A number of folks asked if the talk might be recorded - so here's a quick, entirely home-shot/unedited version!

A disclaimer: I talk about my wonderful research partners in this presentation. I do so openly and informally - and very much as a reflection of my time and experiences with them, not as an authoritative statement from the organisations. It’s an uncensored look at my thinking and research logic - please take it in the spirit intended!

The photos don't come through all that well in the recording. The presentation can be downloaded from: http://tinyurl.com/hzq5fuc

Enjoy if you like James Bond-puns and my rambling. ;) 

Monday, October 17, 2016

Home sweet Edinburgh

After far, far too long a time, I spent this weekend back in Edinburgh. Heather, one of my best mates from Law School days, flew in from Canada for a holiday. She stayed with me in London for a couple nights and then we trained up to Scotland Saturday morning. 

There really is nothing like the daily view of that beautiful hill with a castle on top...

Happily, a bunch of the 2016 Marshall Scholars independently decided to also head up for the weekend - so I got to push a bunch of new friends toward my favourite haunts! I say "push" because I didn't quite make it to everything with them...the aforementioned hill and its siblings are fabulous to look at but less delightful to climb on crutches. (Heather was not impressed with my timing on this injury, I can tell you.)

Saturday night we had a group dinner at The Elephant House - the birthplace of "Harry Potter" that also happens to have amazing salsa and hot chocolate. (Really, I was just eating my way through nostalgia...)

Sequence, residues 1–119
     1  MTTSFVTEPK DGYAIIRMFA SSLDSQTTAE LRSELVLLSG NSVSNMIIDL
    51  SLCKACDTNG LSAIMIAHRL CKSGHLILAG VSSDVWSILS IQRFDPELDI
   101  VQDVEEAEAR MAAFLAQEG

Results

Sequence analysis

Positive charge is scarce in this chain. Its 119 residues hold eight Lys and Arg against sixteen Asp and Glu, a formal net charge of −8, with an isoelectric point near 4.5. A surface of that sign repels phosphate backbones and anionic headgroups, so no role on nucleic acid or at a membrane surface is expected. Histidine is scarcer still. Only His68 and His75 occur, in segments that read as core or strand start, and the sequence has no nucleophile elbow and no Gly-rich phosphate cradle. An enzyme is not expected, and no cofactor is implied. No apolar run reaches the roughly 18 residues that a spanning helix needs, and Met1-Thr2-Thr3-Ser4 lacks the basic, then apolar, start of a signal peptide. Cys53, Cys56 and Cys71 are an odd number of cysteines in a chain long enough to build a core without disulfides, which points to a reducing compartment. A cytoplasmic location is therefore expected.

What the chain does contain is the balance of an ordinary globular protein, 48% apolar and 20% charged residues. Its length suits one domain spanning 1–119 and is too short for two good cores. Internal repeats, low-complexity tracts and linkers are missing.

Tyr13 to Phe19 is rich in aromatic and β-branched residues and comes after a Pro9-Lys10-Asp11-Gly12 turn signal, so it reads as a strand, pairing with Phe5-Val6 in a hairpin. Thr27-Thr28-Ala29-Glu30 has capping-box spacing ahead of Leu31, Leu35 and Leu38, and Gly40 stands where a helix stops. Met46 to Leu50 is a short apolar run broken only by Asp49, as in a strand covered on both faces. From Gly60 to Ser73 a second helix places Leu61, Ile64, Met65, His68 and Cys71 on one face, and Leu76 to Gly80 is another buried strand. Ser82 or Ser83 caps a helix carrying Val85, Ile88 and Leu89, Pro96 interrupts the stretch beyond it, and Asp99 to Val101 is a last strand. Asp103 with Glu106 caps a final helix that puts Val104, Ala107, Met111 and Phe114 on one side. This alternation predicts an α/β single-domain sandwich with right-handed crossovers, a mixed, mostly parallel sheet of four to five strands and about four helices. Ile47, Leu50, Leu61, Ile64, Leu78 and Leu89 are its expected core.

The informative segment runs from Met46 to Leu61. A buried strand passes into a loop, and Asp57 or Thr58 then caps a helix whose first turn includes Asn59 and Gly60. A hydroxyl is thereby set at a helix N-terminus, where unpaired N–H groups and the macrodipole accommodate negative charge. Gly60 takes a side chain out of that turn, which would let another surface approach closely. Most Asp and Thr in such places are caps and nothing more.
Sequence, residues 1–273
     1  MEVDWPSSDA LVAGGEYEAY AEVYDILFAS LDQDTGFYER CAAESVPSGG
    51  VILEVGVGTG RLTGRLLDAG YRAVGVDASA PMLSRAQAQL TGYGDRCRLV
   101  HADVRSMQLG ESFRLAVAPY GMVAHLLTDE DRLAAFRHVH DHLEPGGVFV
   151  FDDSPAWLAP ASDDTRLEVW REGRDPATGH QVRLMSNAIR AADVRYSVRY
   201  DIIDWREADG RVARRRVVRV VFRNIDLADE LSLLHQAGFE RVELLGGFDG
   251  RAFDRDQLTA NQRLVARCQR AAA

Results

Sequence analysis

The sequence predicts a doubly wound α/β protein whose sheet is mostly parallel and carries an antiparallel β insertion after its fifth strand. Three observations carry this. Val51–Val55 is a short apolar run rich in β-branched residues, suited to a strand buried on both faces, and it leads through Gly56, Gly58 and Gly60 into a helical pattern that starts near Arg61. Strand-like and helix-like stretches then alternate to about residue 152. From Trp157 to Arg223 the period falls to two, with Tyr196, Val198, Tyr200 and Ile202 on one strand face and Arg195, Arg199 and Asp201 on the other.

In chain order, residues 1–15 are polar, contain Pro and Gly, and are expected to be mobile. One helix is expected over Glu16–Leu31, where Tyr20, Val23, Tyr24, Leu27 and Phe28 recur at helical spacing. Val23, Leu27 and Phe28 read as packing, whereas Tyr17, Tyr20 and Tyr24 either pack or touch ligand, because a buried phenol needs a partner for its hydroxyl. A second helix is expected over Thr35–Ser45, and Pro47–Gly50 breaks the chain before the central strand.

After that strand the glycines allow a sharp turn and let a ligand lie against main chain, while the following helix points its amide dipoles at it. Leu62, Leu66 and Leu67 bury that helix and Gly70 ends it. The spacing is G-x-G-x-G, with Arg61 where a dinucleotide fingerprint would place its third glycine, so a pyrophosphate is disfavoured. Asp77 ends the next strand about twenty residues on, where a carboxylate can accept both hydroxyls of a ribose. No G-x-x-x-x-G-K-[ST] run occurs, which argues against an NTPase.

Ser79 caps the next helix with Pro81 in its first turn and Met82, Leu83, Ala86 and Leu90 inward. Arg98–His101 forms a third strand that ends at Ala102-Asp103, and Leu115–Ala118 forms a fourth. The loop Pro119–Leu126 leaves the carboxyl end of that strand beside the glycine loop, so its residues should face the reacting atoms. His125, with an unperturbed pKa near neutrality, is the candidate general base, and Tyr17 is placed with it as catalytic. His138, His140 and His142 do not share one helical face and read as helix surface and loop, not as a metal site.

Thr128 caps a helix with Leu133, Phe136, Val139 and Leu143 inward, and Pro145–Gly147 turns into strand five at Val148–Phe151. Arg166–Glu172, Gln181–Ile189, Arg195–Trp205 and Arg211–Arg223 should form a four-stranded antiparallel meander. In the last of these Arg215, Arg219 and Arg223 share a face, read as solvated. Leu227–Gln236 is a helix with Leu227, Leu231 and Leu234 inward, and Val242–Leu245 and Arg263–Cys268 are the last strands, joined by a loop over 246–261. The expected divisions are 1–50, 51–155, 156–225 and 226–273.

Sunday morning, I went to church...only to arrive just early enough to get roped into singing with the choir! Once more for kicks, I suppose. It was lovely to catch up with everyone. 

And now I'm back on the Tube headed home, ready for another "normal" week of baby duty, geography seminar, and giving a talk at King's. In between exhaustedly crashing in bed. Because as I said - hills on crutches are exhausting. ;) (Those of you following the progress of the foot - I am making definite progress and should be off crutches in 2-3 weeks.)

Thursday, October 13, 2016

COP22 - less than a month to go!

So what the heck is COP22, anyway? I'm headed back to Morocco in a few weeks to join research partner Dar Si Hmad in Marrakech for a giant climate change convention. Check out the blog post, copied below, about the UNFCCC to learn more about what's going on.

Today marks twenty-five days until the twenty-second session of the Conference of the Parties of the United Nations Framework Convention on Climate Change. In other words: in just under a month, Morocco will be kicking off the world's biggest meeting about climate change!

The UN Climate Change Convention is an international plan for action against climate change. The treaty was launched at the Earth Summit in Rio de Janeiro in 1992. 196 countries have signed the agreement and pledged their support. Each year, representatives of these countries meet at a Conference of the Parties to review progress and decide on next steps. These annual meetings have been held since 1995, when the first Conference of the Parties was held in Berlin. Last December, COP21 was held in Paris.